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Vermillion lacquer square stand
Tohru Matsuzaki
[Lacquer]
Item Number:C13322

" Tohru MATSUZAKI will celebrate his 70th birthday on October 10. For some time now, Ippodo Gallery has hoped to hold a special exhibition in honor of this fact and we are delighted to announce that this has been made possible. Tohru MATSUZAKI first started working with wood 50 years ago and it is 30 years since I first came into contact with his woodcraft, becoming an avid fan. His large hands have given birth to countless works in wood, all of which display a gentle warmth. The interior designer, Shigeru UCHIDA is another fan of his work and it was he who first dubbed the red lacquer Tohru MATSUZAKI uses in his work,"Jomon Red." This is what we have decided to use as the theme for the exhibition.

The Jomon period in Japanese history began 16,000 years ago and lasted for approximately 13,000 years, which is to say, 130 centuries. Earthenware vessels bearing witness to the gentle, peaceful people who lived at that time have been excavated throughout the country.
This summer Tohru MATSUZAKI applied urushi lacquer to a reproduction Jomon pot in Yamanashi Prefecture and this pot will be used to hold wine. The talented photographer, Everett Brown, has produced photographs of Jomon pots that have been mounted as picture scrolls, the ends of the bottom roller of each finished with a rich coating of urushi lacquer by Tohru MATSUZAKI. Tohru MATSUZAKI aged 70. It appears that he aims to return to the origins of urushi lacquer--the Jomon period. "

- Keiko Aono, the owner of Ippodo gallery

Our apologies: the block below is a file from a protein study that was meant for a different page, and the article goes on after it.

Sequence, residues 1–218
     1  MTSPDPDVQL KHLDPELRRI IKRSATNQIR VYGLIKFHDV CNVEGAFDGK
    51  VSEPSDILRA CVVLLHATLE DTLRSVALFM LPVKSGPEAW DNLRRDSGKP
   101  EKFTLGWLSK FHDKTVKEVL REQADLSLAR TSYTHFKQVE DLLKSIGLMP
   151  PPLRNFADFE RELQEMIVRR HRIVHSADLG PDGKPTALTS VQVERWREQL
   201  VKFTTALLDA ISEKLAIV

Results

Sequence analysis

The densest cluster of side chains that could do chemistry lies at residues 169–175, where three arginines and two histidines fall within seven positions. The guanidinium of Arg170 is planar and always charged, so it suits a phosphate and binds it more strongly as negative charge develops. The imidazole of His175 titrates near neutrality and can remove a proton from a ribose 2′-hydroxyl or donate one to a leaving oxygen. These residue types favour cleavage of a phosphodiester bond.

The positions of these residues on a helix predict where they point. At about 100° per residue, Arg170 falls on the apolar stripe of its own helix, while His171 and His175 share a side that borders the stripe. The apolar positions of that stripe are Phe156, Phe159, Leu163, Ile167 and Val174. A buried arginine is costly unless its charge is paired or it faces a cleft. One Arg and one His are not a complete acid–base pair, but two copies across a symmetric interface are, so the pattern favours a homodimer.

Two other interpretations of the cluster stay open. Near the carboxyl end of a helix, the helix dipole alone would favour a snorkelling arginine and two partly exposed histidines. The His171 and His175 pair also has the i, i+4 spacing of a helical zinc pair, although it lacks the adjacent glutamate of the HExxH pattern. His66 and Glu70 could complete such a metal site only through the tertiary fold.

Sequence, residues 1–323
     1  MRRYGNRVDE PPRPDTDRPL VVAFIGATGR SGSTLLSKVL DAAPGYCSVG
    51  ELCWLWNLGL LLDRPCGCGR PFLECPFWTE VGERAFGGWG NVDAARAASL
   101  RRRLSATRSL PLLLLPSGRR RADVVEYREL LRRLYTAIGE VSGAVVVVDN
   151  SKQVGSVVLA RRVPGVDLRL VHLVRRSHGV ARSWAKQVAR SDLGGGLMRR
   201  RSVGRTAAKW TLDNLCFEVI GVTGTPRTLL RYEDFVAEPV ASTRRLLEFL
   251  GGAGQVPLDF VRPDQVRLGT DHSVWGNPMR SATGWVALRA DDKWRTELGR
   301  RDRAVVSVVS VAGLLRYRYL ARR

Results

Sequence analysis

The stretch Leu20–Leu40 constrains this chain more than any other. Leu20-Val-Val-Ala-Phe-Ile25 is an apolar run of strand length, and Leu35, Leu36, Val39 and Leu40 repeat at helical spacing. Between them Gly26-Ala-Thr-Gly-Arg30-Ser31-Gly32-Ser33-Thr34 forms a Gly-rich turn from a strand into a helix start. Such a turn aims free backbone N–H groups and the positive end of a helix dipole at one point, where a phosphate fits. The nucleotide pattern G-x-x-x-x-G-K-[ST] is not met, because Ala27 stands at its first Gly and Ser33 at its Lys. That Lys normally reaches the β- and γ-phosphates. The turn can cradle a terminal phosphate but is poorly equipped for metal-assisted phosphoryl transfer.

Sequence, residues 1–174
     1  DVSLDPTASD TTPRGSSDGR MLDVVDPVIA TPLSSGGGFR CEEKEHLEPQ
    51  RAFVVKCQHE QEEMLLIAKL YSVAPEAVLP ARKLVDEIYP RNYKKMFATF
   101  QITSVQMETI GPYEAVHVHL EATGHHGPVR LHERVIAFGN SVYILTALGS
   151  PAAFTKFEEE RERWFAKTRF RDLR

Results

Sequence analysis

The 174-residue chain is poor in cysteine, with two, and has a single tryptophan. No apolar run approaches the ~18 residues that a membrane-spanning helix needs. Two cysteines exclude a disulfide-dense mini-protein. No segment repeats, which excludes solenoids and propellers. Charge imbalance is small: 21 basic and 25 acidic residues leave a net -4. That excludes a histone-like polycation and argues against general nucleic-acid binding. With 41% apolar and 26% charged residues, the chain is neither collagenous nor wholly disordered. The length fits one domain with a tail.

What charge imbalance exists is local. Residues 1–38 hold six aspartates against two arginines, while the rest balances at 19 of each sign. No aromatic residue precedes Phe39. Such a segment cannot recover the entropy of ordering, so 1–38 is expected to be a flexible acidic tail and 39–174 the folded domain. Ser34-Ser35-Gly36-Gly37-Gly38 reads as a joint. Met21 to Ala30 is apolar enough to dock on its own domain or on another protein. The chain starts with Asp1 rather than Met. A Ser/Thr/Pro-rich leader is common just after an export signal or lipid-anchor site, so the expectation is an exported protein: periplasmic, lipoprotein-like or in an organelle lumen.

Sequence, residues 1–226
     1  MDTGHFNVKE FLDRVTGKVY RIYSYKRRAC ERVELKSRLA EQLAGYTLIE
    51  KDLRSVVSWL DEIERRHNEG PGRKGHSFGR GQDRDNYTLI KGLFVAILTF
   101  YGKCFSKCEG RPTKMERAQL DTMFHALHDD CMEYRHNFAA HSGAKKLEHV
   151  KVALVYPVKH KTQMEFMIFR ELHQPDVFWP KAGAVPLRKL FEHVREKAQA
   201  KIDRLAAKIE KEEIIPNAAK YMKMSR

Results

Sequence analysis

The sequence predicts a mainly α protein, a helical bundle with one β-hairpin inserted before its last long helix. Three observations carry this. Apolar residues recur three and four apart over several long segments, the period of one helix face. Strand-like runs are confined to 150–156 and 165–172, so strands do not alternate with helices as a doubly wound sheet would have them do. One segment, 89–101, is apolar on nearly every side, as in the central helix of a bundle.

About the Artist
Using chisels and planes he carves the basic forms for his work from valuable blocks of solid zelkova or chestnut wood, finishing them in thick coatings of Japanese urushi lacquer. He creates forms that appear simple but are highly refined, the vermillion red lacquer evoking images of the Jomon period (ca 11000 BC - ca 300 BC). These unique works can be said to embody the essence of the Japanese 'mingei' folk craft movement.


1944 Born in the Umegaoka district of Tokyo as the eldest son of Nihonga-style painter and dyer, Shu-ki Matsuzaki
1967 Graduated from the Literature Department of Tamagawa University
1974 Studied under the potter, Tatsuzo Shimaoka
1982 First selected for the Kokugakai exhibition
1983 Received the Kokugakai New Talent Award
1984 Became an affiliate member of the Kokugakai
1987 Received the Kokugakai Affiliate Award for Excellence
1988 Nominated for membership of the Kokugakai
Moved his studio to Motegi-machi, Tochigi Prefecture
2001 Produced the vases for Daniel Ost's Daniel Ost Flower Festival in Tokyo
2002 Contributed to Shigeru Uchida's Exhibit at the Salone Internazionale del Mobile 2002 in Milan, Italy
2003 Participated in the Turning Point: Oribe and the Arts of Sixteenth Century Japan exhibition at the Metropolitan Museum of Art, New York
2006-2009 Become a Chairman of the Judging Committee of Craft Section of the Kokugakai
2009&2012 Solo exhibition at Ippodo Gallery New York
1996-Present Exhibition at Ippodo Gallery Tokyo

In addition, holds various solo and group exhibitions throughout the country.

Public Collection:
Philadelphia Museum of Art / Philadelphia, PA
Detroit Institute of Arts / Detroit, MI
University of Michigan Museum of Art / Ann Arbor, MI
Schleswig Folk Museum / Schleswig, Germany
Kuri no Ki Museum / Nagano, Japan